Eco Homes: How to Increase Sustainability in Your Home

 

  1. The importance of being sustainable at home
  2. Sustainable house features 
    > Sustainable home heating
    > Energy-efficient homes
    > Improved energy efficiency and your EPC rating 
  3. Being sustainable at home 
  4. The future of sustainable homes

 

The importance of being sustainable at home

 

The world is warming up. As a result of human activities, more and more carbon dioxide and other greenhouse gas emissions are being released into the atmosphere. In turn, this drives up the earth’s temperatures. And the increase in temperature has numerous effects, including extreme weather conditions and melting polar ice – all of the things we hear about in the news. 

This has led to a drive towards more sustainable living. Sustainable living could refer to any changes in lifestyle which attempts to reduce someone’s use of the earth’s natural resources. You might have heard people talk about their carbon footprint. It refers to the amount of greenhouse gases that our actions generate – for example, how we travel or what we eat can impact our carbon footprint.

But there’s good news. Making more sustainable choices can reduce your carbon footprint. And the home is one of the best places to start.Back in 2016, 40% of UK emissions came from households, so the Government set out some impressive targets for emissions reductions.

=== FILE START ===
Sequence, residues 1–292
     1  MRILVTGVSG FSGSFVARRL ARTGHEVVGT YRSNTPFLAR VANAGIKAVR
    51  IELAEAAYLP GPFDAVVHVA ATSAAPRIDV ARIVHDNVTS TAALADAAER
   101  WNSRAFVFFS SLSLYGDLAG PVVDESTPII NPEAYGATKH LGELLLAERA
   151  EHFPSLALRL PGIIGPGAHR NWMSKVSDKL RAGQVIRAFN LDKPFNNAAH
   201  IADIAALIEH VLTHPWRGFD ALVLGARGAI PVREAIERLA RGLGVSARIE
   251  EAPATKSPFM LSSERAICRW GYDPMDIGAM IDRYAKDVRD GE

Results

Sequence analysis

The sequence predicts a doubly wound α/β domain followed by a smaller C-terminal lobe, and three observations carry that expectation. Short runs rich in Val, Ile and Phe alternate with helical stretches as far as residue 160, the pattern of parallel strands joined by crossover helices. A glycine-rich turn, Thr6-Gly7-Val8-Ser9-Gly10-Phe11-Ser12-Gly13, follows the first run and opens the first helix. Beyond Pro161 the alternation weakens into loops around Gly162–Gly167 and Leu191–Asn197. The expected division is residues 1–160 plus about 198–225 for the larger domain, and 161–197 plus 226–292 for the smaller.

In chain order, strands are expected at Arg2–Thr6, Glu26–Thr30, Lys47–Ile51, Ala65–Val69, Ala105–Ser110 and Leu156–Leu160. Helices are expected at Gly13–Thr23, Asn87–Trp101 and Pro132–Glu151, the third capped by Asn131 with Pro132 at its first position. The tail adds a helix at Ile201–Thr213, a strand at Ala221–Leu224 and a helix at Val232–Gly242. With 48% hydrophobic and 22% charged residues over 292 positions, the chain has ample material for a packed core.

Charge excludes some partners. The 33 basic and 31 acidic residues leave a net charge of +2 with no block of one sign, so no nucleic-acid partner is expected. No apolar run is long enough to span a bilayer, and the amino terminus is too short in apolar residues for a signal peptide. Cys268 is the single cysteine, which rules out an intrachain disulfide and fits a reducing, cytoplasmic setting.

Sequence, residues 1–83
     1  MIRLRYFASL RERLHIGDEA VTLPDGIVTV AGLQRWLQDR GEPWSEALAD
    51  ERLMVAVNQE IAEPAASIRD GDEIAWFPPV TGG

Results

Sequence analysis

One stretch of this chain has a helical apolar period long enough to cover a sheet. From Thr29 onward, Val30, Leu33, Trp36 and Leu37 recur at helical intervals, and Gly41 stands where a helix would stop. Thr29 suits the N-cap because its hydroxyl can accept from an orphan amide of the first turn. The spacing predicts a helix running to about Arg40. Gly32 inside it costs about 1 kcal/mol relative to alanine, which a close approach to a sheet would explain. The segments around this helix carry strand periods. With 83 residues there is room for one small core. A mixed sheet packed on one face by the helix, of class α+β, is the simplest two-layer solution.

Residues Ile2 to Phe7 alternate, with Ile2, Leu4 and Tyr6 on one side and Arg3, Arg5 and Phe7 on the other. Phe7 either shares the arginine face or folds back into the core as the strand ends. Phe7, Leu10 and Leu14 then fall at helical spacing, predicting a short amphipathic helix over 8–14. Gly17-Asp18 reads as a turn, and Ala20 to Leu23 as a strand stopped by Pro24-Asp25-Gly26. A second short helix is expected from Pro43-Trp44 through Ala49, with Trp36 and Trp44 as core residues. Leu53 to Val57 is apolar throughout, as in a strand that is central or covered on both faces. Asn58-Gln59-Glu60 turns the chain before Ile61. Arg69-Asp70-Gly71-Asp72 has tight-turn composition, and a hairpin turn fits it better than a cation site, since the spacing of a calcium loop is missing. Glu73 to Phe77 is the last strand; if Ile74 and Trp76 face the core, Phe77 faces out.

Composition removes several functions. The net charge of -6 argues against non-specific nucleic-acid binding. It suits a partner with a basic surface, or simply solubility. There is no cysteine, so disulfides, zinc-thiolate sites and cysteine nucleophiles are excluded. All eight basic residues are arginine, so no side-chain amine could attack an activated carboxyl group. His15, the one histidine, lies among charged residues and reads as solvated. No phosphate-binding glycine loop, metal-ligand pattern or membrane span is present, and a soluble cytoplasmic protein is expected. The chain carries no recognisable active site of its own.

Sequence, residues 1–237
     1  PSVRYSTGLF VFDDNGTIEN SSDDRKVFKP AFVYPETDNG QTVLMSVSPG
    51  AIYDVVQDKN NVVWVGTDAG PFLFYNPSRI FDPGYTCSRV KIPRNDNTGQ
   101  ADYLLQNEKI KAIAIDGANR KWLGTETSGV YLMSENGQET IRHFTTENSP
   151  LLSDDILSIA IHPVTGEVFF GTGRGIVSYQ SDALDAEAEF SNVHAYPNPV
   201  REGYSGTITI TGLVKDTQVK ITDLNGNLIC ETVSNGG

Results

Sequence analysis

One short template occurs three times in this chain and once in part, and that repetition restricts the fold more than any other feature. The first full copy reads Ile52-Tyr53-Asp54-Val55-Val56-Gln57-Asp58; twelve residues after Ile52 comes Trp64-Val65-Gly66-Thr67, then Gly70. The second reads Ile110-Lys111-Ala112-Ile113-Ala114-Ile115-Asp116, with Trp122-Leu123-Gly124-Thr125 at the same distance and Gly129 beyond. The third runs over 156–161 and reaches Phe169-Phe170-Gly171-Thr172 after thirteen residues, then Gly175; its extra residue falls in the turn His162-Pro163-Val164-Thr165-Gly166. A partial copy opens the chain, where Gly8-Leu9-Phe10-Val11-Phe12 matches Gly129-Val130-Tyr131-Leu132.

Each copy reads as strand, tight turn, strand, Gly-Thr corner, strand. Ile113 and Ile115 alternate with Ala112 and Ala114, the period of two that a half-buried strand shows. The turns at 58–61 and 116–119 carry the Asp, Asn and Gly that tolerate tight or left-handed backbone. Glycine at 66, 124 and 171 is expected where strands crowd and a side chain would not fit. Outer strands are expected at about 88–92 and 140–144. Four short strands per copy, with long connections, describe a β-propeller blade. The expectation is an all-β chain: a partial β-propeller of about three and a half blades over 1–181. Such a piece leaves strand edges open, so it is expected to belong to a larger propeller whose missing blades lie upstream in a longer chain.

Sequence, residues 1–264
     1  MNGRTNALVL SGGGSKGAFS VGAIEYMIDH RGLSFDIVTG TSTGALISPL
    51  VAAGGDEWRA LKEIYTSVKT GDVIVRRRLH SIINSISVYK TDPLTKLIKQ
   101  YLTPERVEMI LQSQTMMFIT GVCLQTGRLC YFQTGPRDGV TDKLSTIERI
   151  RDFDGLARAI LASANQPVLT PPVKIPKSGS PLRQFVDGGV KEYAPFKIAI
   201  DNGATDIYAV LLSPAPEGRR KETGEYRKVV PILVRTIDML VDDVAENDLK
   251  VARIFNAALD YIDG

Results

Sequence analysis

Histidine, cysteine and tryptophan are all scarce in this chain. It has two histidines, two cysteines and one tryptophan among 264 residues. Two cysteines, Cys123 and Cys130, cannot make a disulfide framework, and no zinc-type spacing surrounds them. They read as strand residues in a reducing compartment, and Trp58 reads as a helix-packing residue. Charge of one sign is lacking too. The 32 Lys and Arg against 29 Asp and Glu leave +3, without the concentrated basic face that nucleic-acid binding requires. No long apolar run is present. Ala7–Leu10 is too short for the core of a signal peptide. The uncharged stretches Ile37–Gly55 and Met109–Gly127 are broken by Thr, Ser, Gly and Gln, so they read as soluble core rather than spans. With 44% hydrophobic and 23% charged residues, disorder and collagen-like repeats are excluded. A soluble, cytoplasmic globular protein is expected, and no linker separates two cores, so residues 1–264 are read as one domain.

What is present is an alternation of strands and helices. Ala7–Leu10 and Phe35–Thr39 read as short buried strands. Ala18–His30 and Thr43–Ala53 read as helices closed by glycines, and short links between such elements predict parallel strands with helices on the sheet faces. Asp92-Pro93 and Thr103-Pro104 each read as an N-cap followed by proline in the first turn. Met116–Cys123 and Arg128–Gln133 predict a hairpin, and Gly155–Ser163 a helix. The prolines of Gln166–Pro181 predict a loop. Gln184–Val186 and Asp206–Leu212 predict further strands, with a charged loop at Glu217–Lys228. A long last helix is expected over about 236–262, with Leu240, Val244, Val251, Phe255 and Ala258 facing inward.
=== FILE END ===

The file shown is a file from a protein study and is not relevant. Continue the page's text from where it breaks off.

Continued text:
Source: The Committee on Climate Change


Sustainable house features 

 

It’s easy to be overwhelmed by climate change. But if you want to do your bit for the planet, any small changes can make an impact. It’s important to take a sensible approach to sustainability – which basically means understanding your lifestyle needs and how you make a difference without any hindering consequences. All of this is easier if you know what sustainable house features are available. 

Whether you’re buying a new home or building your own, the following technologies should be of interest.

Sustainable home heating

We all need to heat our homes, but don’t often think about where that heat comes from – and how that impacts the environment. The Energy Saving Trust lists five sources of renewable heat:

Biomass

A biomass heating system is one fuelled by wood. This could be wood pellets, chips or logs. If a biomass system is just being used to heat a single room, a stove is used. But you can also get back boilers fitted to stoves which means it can power central heating and hot water boilers. The Energy Saving Trust says a wood-fuelled biomass boiler could save you up to £960 a year compared to an old electric heating system. 

But is it better for the environment? Well, carbon dioxide is emitted when the wood is burned – but it’s the same amount the tree absorbed while it was growing. It’s a sustainable choice, so long as new trees are planted. It’s even better if you source the fuel locally.

Ground source heat pumps 

Using a series of pipes buried underground, a ground source heat pump circulates a mixture of water and antifreeze. Heat from the ground is absorbed into the fluid. It’s then passed through a heat exchanger and heat pump, and can be used to heat your home – whether that’s a radiator, underfloor heating, air heating systems or hot water.

Throughout the year, the ground temperature stays at roughly the same below the surface. Ground source heat pumps take advantage of that. Plus, you could actually earn money through the government’s Renewable Heat Incentive (RHI).